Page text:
Small Firms Loan Guarantee Scheme

The Small Firms Loan Guarantee Scheme has been suspended. The type of lending previously provided under SFLG – to businesses that lack collateral and/or track record – will still be available under the new Enterprise Finance Guarantee Scheme.

The Business Plan

The importance of a carefully prepared business plan is often under-estimated. The borrower must convince the potential lender that he or she has a viable business proposal. This cannot be done without a business plan. A local Business Link, (Business Connect in Wales or Business Shop in Scotland), Training and Enterprise Council, Local Enterprise Company, Enterprise Agency or qualified accountant may be able to help draw one up. Many lenders also have their own publications containing advice on how to plan and monitor a business, as well as specialised small firms advisory offices.

In addition to having a business plan, the borrower must also convince the lender of a personal commitment to the business. Personal commitment (or lack of it) plays a crucial role in influencing the lender, and it is not always measured in terms of finance. Each case is judged on individual merit.

A potential lender would expect to see information on:

Management: key personnel, their experience, knowledge of the industry, age, education and training;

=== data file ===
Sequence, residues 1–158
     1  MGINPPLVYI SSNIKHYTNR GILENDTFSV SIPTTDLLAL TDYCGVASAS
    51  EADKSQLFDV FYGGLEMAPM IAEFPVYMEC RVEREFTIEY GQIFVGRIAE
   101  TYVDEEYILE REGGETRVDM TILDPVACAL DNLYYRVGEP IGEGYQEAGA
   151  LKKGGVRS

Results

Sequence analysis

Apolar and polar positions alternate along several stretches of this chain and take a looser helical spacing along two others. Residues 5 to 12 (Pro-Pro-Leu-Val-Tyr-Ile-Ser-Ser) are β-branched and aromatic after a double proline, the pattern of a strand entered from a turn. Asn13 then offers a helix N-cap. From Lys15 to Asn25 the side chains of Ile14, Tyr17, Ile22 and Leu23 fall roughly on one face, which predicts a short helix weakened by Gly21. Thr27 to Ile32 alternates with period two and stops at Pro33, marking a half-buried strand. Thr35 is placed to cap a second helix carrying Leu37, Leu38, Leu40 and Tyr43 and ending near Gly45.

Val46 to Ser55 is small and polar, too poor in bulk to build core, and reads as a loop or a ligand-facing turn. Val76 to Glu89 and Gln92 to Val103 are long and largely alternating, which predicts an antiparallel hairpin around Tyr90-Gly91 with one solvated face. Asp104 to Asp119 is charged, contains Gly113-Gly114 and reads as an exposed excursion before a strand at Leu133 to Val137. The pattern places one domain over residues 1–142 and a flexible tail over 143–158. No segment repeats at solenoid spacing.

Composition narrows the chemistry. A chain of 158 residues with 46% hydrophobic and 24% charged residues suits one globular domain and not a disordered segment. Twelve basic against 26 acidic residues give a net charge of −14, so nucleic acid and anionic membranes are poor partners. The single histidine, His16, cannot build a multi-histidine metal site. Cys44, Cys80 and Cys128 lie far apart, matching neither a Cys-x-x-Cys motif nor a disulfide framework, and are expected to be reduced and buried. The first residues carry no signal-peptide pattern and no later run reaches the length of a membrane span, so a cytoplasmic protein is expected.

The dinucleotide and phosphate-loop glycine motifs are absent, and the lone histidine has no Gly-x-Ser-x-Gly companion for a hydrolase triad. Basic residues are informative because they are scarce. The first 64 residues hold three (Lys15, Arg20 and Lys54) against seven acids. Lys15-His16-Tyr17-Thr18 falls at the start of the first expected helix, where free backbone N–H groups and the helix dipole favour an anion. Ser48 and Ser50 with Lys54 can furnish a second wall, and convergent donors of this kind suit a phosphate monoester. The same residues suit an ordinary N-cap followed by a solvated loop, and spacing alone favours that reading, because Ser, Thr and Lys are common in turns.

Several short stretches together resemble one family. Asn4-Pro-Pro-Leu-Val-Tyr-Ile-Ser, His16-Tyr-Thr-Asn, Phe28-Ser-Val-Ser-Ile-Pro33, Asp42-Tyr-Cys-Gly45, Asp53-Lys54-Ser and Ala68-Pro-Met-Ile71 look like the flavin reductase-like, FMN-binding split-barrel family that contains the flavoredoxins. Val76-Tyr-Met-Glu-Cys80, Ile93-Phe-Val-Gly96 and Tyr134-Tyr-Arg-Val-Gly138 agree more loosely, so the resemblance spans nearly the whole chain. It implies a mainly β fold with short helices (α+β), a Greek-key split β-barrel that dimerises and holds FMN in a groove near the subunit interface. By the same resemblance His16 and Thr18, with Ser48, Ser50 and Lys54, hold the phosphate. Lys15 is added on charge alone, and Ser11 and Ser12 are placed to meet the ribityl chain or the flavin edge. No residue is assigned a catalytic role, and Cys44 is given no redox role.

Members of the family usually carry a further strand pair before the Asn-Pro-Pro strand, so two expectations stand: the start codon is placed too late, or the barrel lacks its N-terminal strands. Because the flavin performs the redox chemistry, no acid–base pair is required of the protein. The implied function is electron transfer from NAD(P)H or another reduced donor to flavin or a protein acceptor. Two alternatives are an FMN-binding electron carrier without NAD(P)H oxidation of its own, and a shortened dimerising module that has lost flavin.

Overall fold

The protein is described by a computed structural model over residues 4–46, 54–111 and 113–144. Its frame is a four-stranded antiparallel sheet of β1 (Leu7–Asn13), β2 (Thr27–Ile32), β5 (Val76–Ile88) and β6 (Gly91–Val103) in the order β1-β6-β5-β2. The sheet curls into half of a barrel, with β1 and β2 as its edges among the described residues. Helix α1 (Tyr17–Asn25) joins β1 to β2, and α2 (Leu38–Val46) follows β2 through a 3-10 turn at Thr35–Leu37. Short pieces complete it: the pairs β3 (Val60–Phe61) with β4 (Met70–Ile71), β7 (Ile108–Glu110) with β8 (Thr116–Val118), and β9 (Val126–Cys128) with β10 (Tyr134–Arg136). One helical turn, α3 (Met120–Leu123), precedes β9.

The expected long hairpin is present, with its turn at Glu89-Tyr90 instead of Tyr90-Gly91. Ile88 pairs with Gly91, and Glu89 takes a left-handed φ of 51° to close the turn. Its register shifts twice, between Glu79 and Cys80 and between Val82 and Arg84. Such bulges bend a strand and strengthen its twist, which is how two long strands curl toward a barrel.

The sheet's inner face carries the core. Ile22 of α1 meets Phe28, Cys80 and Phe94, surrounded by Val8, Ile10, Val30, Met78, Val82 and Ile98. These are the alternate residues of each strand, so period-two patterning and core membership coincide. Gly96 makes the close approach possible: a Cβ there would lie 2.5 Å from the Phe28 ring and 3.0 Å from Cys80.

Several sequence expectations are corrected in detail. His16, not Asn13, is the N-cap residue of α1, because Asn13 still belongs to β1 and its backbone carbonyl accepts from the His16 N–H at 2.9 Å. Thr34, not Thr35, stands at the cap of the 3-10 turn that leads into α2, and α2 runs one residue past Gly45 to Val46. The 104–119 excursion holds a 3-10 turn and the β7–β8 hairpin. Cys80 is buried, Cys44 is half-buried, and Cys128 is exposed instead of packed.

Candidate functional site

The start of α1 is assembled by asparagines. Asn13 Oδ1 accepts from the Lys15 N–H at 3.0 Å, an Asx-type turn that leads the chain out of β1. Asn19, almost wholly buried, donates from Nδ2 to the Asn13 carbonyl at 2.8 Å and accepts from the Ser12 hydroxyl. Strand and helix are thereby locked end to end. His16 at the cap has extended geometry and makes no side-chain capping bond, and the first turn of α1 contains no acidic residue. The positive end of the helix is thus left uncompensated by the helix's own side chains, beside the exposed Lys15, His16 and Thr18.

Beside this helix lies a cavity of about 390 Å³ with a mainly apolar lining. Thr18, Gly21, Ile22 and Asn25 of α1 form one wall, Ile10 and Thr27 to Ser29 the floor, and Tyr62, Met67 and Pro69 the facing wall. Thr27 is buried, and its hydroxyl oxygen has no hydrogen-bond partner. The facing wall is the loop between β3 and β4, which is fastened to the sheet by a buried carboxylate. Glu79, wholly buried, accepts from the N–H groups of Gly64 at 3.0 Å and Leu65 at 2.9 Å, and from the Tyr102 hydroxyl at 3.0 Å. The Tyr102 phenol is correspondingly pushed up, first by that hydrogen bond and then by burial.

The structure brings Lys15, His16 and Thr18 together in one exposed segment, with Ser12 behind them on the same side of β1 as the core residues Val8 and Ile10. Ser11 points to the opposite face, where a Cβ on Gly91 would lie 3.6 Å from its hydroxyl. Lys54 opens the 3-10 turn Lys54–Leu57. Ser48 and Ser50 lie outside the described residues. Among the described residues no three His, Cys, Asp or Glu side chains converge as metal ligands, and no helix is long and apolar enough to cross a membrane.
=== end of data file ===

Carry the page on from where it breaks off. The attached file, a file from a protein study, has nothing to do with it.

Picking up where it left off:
Product or service: details of product or service on offer, state of product development, any follow-up products or services;

Markets: description of the market and its size, customers, competitors, sales estimates and expected market penetration. Sales forecasts should be supported by hard evidence and research wherever possible. Also an explanation of how the business will succeed in the market against competition;

The business: when started, results to date, borrowing history, existing commitments, current bankers;

Objectives and Strategy: business objectives, timetable and assumptions, risk factors, longer term plans;

Financial Projection: projections of at least one year’s future performance together with supporting assumptions and evidence (order books, customer enquiries). Projections should include profit and loss account, monthly cash flow projections, balance sheets and capital expenditure budget;

Finance Required: total funding required based on projections, application of those funds, repayment assumptions. Purpose of finance, detailing capital expenditure;

Security Available: what assets are available as security (personal assets as well as business assets). Also what assets have been used as security elsewhere;

Management Information Systems: accounting systems used by the business, ability to produce regular management accounts;

Principal Risks: most likely areas of risk and ability to cope with these. What happens in event of sickness or injury to key personnel.

© The Small Firms Loan Guarantee Scheme guide has been reproduced from information published by the Department of Business, Innovation and Skills (BIS) and in accordance with Crown Copyright.
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